By Nnorom Azuonye
On this Action for Children Sunday 2016 my preferred lectionary passage for today’s reflection is Luke 10:25-37 – the parable of the good Samaritan.
I believe this is an apt passage at this time in the world; a time that ethnic and racial intolerance has reached new heights creating more destitute children than ever before.
Countless children are being orphaned or wounded in troubled spots across the world, trafficked across international borders or being made to work long hours without pay in some parts of the world or turned into killers, forced to work as child soldiers.
There are also many children who are neglected or endangered as the problem of alcohol and drug-dependent parents becomes endemic.
– Who will love our children?
– Who will protect our children?
Our Lord Jesus Christ summed up the commandments into a simple narrative: ‘Love your God with all your heart, and love your neighbour as you love yourself’.
When a teacher of the law asked Jesus that question we almost always ask ourselves, “Who is my neighbour?”, Jesus told him this parable:
“There was once a man who was going down from Jerusalem to Jericho when robbers attacked him, stripped him, and beat him up, leaving him half dead.
It so happened that a priest was going down that road; but when he saw the man, he walked on by on the other side.
In the same way a Levite also came there, went over and looked at the man, and then walked on by on the other side.
But a Samaritan who was traveling that way came upon the man, and when he saw him, his heart was filled with pity.
He went over to him, poured oil and wine on his wounds and bandaged them; then he put the man on his own animal and took him to an inn, where he took care of him.
The next day he took out two silver coins and gave them to the innkeeper. ‘Take care of him,’ he told the innkeeper, ‘and when I come back this way, I will pay you whatever else you spend on him.’”
And Jesus concluded, “In your opinion, which one of these three acted like a neighbour toward the man attacked by the robbers?”
The teacher of the Law answered, “The one who was kind to him.”
Jesus replied, “You go, then, and do the same.”
– (Luke 10:30-37 Good News Translation)
Let us reflect on this story of the good Samaritan as we celebrate the work of Action for Children.
About Action for Children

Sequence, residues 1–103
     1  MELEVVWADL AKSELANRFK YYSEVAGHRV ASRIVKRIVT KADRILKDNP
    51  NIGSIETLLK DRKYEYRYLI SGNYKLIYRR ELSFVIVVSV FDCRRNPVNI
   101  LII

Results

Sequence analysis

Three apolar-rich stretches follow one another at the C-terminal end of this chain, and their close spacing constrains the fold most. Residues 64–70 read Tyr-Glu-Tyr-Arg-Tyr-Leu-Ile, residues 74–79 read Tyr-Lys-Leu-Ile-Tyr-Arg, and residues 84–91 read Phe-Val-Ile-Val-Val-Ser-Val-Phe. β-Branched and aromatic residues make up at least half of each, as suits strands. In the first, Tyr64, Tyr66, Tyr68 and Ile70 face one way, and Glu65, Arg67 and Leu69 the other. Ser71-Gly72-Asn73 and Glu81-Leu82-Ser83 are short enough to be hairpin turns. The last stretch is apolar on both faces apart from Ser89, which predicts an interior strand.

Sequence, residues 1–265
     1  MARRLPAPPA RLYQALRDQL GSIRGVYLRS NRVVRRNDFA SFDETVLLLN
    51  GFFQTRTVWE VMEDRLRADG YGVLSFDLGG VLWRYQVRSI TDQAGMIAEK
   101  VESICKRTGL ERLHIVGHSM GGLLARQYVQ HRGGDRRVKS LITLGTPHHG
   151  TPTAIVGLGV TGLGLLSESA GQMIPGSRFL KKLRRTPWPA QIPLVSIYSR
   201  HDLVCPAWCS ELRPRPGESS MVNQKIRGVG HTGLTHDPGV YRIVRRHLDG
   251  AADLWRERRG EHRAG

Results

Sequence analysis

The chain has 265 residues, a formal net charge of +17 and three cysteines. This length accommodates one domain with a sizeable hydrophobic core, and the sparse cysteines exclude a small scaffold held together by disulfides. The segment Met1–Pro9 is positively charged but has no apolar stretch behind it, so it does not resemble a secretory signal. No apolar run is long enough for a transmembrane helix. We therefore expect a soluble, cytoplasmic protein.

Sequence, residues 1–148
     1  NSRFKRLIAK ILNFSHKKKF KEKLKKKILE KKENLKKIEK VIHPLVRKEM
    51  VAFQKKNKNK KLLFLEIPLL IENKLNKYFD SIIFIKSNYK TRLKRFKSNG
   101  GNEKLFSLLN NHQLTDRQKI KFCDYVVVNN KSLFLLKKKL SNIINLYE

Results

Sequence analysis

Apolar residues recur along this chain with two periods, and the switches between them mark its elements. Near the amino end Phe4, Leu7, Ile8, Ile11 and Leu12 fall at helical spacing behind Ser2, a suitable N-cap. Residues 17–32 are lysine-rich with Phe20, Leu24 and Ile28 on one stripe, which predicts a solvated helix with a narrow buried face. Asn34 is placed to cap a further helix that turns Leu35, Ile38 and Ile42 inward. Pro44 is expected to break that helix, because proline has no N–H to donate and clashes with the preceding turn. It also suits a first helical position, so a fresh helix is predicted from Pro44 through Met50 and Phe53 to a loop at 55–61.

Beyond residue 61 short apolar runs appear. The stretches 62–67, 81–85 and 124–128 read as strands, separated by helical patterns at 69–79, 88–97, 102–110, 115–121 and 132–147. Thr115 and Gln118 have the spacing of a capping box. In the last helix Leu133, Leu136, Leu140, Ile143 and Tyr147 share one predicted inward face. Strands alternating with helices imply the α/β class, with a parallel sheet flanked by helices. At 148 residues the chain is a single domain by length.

Action for Children is the children’s charity of the Methodist Church founded in 1869 by Revd Thomas Bowman Stephenson in response to the poverty and danger faced by vulnerable and destitute children and young people living rough on the streets of London.
Reverend Stephenson was one the people that did not walk by children who had become victims of abuse or suffering under child labour. Like the man attacked by robbers in the parable told by Jesus, many people did not raise a finger to help these vulnerable children, but Revd Stephenson did, and according to the website of the charity, Fred and George were the first children taken away from a workhouse by the Methodist minister for rehabilitation. The website also lists some key milestones of the charity over the years including these:
– In 1908 the charity became known as the National Children’s Home (NCH)
– In 1926 NCH became the first charity in the UK to create an adoption agency which helped place children who might otherwise have lived deprived lives in homes where they were safe and loved.
– 1935 NCH became the first charity in the world to open a Childcare Training College.
– Ten years later in 1945, it became the first charity to help the UK government set standards in childcare policy.
– In the 1990s it introduced innovative family support system to keep children safe at home and out of care.
Now known as Action for Children, the charity runs well over 500 projects helping shape and improve the lives of young people affected by poverty, disability and abuse.
An enduring vision such as Action for Children makes me proud to be a Methodist and inspires me to ask the question; what more can I give?
In today’s world, an organised charity or movement like Action for Children is wonderful and we must support this in any way we can. However we must also be sure that we do not neglect or abuse our own children. If we observe that our neighbour is having a hard time with his or her child, let us not be afraid to ask if there is anything we can do to help.
The other thing we must do is to teach our children to love their neighbours unconditionally. We must make sure they do not bully other children in school or after-school clubs and if they find that any of their friends is bullied or hurt, they can offer support as much as they can.
If our children pick up the habit of being helpful as young people they will grow with that attitude and this will be reflected in the way they treat people when they become adults helping create a healthier, more peaceful world in which love not hate thrives.
So, together now, let us reaffirm the Action for Children Covenant.
The Action for Children Covenant
(to be said together)
Every child has the right to live, to be safe and to be loved. Every young person has the right to be housed, to have enough money to live in dignity and to have enough support for the future. Every young person has the right to justice, to realise their potential and to be given the space to become independent. In an often cruel and imperfect world, we uphold the work of Action for Children with children and young people in danger, in need and at risk. We support the growth of this work and the pursuit of all these rights for the young, the discounted and the vulnerable. We make this covenant with Action for Children for the sake of all God’s children. Amen
Notes: This message was shared by Nnorom Azuonye | email@example.com at the Pantiles Methodist Church on Sunday July 10, 2016. Sources of information used in the sermon are The Methodist Church in Britain and Action for Children